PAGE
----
Voice and Agency: Empowering women and girls for shared prosperity

Published: January 2014

This document presents Voice and Agency: Empowering women and girls for shared prosperity is a major new report by the World Bank that shines a spotlight on the value of voice and agency, the patterns of constraints that limit their realization, and the associated costs, not only to individual women but to their families, communities, and societies. It highlights promising policies and interventions, and it identifies priority areas where further research and more and better data and evidence are needed. Underlining that agency has both intrinsic and instrumental, concrete value, this report puts advancing women's voice and agency squarely on the international development agenda.

Key Findings

  • Progressive constitutions and legal reforms can support the transformation of social norms surrounding agency.
  • Expanding women's economic opportunities can have wide-ranging benefits, including benefits for women's agency.
  • Programs that go beyond protection per se and include elements to tackle regressive gender norms have had promising results.
  • In South Asia and the Middle East and North Africa, women with more education are less likely to have to ask their husband's or family's permission to seek medical care. In all regions, women with more education also tend to marry later and have fewer children.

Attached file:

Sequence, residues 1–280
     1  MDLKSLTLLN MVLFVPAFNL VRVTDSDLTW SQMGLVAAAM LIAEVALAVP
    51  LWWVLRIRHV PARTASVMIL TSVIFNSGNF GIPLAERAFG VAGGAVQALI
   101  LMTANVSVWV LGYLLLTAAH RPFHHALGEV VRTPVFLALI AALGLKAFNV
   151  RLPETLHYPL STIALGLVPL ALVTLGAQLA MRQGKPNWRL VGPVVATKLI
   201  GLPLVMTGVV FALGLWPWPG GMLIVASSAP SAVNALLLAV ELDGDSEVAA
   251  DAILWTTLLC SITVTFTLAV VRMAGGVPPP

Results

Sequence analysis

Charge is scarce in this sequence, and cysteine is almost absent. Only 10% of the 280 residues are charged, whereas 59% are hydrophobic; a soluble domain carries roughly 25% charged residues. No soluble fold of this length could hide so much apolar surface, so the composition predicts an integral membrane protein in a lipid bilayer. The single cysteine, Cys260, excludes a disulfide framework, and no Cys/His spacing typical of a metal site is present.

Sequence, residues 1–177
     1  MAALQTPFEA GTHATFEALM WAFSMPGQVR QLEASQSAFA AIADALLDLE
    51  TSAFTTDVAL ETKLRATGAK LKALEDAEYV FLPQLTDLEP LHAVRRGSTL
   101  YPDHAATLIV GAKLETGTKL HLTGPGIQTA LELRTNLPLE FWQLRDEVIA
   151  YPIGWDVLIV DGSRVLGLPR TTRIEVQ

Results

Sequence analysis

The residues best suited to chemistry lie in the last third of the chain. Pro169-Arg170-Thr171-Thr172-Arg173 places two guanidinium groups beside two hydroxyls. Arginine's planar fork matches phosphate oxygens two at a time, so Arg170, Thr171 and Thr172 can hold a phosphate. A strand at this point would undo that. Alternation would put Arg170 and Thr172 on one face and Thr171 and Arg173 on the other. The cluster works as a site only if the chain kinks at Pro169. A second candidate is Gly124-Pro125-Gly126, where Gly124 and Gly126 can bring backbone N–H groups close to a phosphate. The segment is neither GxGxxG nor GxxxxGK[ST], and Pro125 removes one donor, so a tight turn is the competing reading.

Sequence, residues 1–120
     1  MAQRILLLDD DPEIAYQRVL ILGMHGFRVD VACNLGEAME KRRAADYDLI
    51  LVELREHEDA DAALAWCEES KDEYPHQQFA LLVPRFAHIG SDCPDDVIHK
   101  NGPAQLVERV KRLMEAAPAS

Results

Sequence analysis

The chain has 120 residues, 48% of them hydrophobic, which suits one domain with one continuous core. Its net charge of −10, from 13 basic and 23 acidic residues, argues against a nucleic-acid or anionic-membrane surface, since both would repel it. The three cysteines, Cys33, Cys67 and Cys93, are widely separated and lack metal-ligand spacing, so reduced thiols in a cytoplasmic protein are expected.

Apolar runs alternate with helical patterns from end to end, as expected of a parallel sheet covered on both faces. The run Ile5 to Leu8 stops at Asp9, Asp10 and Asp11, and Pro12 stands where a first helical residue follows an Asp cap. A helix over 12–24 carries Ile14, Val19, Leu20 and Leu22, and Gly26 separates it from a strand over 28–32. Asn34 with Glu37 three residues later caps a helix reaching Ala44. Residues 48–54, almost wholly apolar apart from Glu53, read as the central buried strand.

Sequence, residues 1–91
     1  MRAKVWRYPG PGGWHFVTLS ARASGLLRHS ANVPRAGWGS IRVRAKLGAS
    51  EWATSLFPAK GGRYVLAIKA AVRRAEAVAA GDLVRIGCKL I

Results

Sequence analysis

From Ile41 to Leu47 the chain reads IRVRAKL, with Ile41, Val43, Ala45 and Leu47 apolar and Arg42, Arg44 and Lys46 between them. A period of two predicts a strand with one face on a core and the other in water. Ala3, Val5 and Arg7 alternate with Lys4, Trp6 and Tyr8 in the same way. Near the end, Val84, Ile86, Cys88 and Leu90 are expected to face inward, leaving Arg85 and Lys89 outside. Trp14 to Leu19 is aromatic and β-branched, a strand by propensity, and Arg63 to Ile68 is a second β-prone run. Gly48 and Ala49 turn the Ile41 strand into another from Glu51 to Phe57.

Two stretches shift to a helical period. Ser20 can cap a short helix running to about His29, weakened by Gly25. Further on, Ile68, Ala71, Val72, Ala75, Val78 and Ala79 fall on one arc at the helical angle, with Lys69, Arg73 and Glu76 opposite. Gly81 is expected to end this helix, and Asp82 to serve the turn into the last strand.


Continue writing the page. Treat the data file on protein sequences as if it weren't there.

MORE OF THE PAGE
• Interventions to expand life opportunities for women and girls offer promise when they include provision for safe spaces, life skills, and job skills.
  • Women's sexual and reproductive agency can also be supported through more equitable laws related to marriage and property, among others, provided such legislation is coupled with strong implementation and enforcement.
  • New information and communication technologies (ICTs) are opening up new spaces for collective action and women's participation in public life.
  • By ratifying the Convention on the Elimination of All Forms of Discrimination against Women (CEDAW), 188 states have committed to advancing gender equality by confronting "any distinction, exclusion, or restriction made on the basis of sex which [impairs] the enjoyment or exercise by women...of human rights and fundamental freedoms."
  • Gender-based violence is a global epidemic, affecting women across all regions of the world.
  • Many girls have limited control over their sexual and reproductive rights.
  • Fewer women than men own land and housing.
  • In too much of the world, women are grossly underrepresented in formal politics and positions of power.
  • Social norms can limit women's mobility and ability to network, restrict women's representation in politics and government, and be enshrined in discriminatory laws and practices.
  • Legal discrimination is pervasive.
  • Poverty increases the likelihood of agency deprivations. Girls living in poor households are almost twice as likely to marry before the age of 18 as girls in higher-income households, as are girls from rural areas versus their urban counterparts.
  • Ethnic minority status can further magnify disadvantage. Nearly three-quarters of girls out of school globally belong to ethnic minorities in their countries.

Populations Adolescent Girls, Women

Complementary Outcomes Gender-based Violence, Sexual And Reproductive Health

Publishers World Bank, The